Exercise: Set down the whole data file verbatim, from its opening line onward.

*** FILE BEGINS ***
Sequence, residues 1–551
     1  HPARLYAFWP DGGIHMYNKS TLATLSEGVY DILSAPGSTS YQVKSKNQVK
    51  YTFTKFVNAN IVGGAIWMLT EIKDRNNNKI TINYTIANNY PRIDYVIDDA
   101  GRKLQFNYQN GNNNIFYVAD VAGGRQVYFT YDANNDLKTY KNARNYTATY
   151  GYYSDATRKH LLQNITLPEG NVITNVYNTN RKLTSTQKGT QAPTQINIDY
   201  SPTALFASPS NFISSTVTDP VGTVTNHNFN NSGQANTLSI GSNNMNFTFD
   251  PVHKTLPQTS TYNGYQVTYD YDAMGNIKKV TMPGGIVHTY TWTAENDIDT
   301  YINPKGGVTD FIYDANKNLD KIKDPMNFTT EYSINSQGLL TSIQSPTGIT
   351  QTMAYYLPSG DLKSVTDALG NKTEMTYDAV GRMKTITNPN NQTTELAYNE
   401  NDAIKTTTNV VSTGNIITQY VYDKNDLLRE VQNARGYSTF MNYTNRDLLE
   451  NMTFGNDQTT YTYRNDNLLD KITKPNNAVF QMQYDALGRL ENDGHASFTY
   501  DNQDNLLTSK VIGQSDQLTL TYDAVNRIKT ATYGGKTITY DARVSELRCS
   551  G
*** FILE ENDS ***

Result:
Sequence, residues 1–551
     1  HPARLYAFWP DGGIHMYNKS TLATLSEGVY DILSAPGSTS YQVKSKNQVK
    51  YTFTKFVNAN IVGGAIWMLT EIKDRNNNKI TINYTIANNY PRIDYVIDDA
   101  GRKLQFNYQN GNNNIFYVAD VAGGRQVYFT YDANNDLKTY KNARNYTATY
   151  GYYSDATRKH LLQNITLPEG NVITNVYNTN RKLTSTQKGT QAPTQINIDY
   201  SPTALFASPS NFISSTVTDP VGTVTNHNFN NSGQANTLSI GSNNMNFTFD
   251  PVHKTLPQTS TYNGYQVTYD YDAMGNIKKV TMPGGIVHTY TWTAENDIDT
   301  YINPKGGVTD FIYDANKNLD KIKDPMNFTT EYSINSQGLL TSIQSPTGIT
   351  QTMAYYLPSG DLKSVTDALG NKTEMTYDAV GRMKTITNPN NQTTELAYNE
   401  NDAIKTTTNV VSTGNIITQY VYDKNDLLRE VQNARGYSTF MNYTNRDLLE
   451  NMTFGNDQTT YTYRNDNLLD KITKPNNAVF QMQYDALGRL ENDGHASFTY
   501  DNQDNLLTSK VIGQSDQLTL TYDAVNRIKT ATYGGKTITY DARVSELRCS
   551  G